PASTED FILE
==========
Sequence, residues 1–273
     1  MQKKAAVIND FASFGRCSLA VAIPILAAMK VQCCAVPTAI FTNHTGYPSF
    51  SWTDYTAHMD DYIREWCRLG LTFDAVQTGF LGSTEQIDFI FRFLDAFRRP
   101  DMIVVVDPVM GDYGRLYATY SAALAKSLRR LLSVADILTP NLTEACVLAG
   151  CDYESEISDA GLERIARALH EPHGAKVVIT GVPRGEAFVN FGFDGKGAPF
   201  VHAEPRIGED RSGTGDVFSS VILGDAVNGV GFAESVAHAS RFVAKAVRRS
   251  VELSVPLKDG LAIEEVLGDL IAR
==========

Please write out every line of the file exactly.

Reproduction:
Sequence, residues 1–273
     1  MQKKAAVIND FASFGRCSLA VAIPILAAMK VQCCAVPTAI FTNHTGYPSF
    51  SWTDYTAHMD DYIREWCRLG LTFDAVQTGF LGSTEQIDFI FRFLDAFRRP
   101  DMIVVVDPVM GDYGRLYATY SAALAKSLRR LLSVADILTP NLTEACVLAG
   151  CDYESEISDA GLERIARALH EPHGAKVVIT GVPRGEAFVN FGFDGKGAPF
   201  VHAEPRIGED RSGTGDVFSS VILGDAVNGV GFAESVAHAS RFVAKAVRRS
   251  VELSVPLKDG LAIEEVLGDL IAR